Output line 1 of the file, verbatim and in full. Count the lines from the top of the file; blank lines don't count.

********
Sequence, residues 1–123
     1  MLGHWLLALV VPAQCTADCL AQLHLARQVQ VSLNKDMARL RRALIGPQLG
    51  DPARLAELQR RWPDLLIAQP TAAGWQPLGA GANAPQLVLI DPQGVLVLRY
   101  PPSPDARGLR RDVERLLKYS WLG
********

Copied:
Sequence, residues 1–123